To leave or not to leave?
Last night, I had a second row seat at the London Palladium. Fortunately, it wasn’t to see Bradley Walsh introduce a line up of Britain’s Got Talent rejects. Instead, the performance involved six politicians debating on whether the UK should remain in the EU. The ‘Old Lady of Argyll Street’ has probably never seen a show like it.
Sponsored by Rathbones, it was the largest event ever organised by The Spectator and drew an audience of 2,200 impassioned voters. Andrew Neil took centre stage in his signature role as moderator with the rest of the cast split in two. On the ‘remain’ side were Liberal Democrat MP Nick Clegg, Labour MPs Liz Kendall and Chuka Umunna. While on the ‘leave’ side were UKIP leader and MEP Nigel Farage, Tory MEP Daniel Hannan and Labour’s Kate Hoey.
So, whose performance captivated the audience the most? More hands were raised in support of leaving the EU, but then the debate was organised by The Spectator, which is pro-Brexit, so perhaps there was some bias?
One thing is certain, however, the debate itself was the defining act. The atmosphere within the Palladium was electric and it felt like politics actually meant something once again.
The show began with five minute monologues from each speaker with Kate Hoey delivering a passionate defence of democracy and workers rights over the European political elite. I was surprised by just how powerfully her arguments resonated with the audience.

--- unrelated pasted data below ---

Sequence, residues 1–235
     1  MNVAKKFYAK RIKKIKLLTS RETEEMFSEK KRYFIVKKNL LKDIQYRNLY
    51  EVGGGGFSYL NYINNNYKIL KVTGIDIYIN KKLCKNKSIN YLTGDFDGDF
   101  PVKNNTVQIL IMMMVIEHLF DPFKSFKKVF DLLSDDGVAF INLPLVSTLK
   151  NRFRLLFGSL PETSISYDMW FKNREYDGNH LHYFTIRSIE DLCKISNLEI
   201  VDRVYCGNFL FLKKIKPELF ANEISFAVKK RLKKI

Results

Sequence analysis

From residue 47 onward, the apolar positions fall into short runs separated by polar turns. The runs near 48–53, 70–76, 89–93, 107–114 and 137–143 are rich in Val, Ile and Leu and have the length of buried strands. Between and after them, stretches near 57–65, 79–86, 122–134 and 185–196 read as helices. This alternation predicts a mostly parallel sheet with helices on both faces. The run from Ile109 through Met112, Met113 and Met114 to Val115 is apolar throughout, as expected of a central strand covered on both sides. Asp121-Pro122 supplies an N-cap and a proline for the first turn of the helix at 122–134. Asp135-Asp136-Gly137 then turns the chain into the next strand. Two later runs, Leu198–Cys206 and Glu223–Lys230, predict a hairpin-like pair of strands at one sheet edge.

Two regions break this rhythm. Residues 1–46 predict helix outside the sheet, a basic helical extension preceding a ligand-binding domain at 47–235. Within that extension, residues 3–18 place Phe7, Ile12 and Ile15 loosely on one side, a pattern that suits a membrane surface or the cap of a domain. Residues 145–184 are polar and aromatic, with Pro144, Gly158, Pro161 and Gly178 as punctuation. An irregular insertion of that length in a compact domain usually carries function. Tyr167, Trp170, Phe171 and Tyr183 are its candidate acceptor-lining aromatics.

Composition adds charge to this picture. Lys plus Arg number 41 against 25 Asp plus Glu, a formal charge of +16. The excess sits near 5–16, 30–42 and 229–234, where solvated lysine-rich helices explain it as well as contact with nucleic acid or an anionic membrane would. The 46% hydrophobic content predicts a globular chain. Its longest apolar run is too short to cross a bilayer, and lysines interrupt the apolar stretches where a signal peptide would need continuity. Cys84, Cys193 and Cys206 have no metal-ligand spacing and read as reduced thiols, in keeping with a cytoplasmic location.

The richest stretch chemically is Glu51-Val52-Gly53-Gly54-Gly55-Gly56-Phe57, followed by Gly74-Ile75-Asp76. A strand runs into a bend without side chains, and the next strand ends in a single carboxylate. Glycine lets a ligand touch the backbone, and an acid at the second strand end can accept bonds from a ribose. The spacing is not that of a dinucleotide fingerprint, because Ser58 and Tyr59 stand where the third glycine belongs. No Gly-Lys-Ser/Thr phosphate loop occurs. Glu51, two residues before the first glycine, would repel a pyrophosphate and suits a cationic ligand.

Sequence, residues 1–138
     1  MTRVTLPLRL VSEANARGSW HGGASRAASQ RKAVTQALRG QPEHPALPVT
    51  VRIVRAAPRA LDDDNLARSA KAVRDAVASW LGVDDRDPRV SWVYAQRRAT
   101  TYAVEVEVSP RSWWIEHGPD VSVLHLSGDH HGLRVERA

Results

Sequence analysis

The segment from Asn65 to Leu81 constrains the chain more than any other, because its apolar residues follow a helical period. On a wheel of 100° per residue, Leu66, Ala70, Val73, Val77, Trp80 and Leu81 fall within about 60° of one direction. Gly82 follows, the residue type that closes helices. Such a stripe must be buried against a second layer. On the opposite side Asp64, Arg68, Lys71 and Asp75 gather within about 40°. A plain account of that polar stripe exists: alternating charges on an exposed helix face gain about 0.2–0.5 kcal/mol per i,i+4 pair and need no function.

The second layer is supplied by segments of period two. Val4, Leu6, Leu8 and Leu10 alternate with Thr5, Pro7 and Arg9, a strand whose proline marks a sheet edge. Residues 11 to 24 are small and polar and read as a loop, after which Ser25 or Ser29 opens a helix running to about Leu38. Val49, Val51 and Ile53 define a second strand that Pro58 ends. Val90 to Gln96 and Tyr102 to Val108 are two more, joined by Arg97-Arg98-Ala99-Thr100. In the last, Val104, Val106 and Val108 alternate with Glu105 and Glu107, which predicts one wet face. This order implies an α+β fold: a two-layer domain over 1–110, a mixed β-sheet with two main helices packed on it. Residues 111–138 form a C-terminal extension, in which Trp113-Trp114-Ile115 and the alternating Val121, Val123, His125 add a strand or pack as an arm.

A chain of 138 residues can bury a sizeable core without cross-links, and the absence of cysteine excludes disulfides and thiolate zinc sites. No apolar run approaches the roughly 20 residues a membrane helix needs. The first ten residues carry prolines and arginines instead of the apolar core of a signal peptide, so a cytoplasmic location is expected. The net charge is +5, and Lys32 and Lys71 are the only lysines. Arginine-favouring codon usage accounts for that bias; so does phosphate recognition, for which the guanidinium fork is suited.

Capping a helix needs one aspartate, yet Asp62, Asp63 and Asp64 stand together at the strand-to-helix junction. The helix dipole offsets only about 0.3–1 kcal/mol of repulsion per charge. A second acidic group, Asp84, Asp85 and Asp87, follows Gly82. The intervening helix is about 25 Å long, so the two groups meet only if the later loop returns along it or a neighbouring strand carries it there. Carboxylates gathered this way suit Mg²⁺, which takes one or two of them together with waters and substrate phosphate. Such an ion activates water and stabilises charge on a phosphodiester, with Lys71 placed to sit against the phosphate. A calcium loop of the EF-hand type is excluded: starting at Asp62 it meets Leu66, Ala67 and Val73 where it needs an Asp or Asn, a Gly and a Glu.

Mr Clegg gave the most convincing performance for ‘remain’, but under questioning, he couldn’t match the fervour of Mr Hannan’s case for separation and often fluffed his lines.
Indeed, there was plenty of passion and opinion, but what of the facts?
I was actually rather astonished and disappointed by the limited grasp of basic economics on display, which further supports our view, that nobody knows the ultimate outcome should Britain leave the EU.
‘Remain’ seemed to assume the UK as a whole would be passive following Brexit despite the freedoms it would grant for using tax competition as a tool, the reduction in corporate bureaucracy and the subsidies those industries that would be hurt by Brexit. Meanwhile, ‘leave’ struggled to articulate their vision for post-Brexit.
From an investment point of view, it’s far too simplistic to assume Brexit is negative in the medium term (three to 10 years). It’s far more likely that there will be a polarisation between winners and losers, so our analysis needs to be more nuanced focusing on the micro: company-by-company. What I am convinced of (as are my colleagues) is that Brexit could create turbulence for sterling, UK equities and bonds in the short term.
This is, of course, worrying but as always the change will bring opportunities for active managers.
Following last night’s dress rehearsal for the Brexit vote, I’ll be blogging each week about the debate and its potential investment implications. I’m not superstitious, so I’ll post the first one on Friday 13 May – perhaps I’ll break a leg?!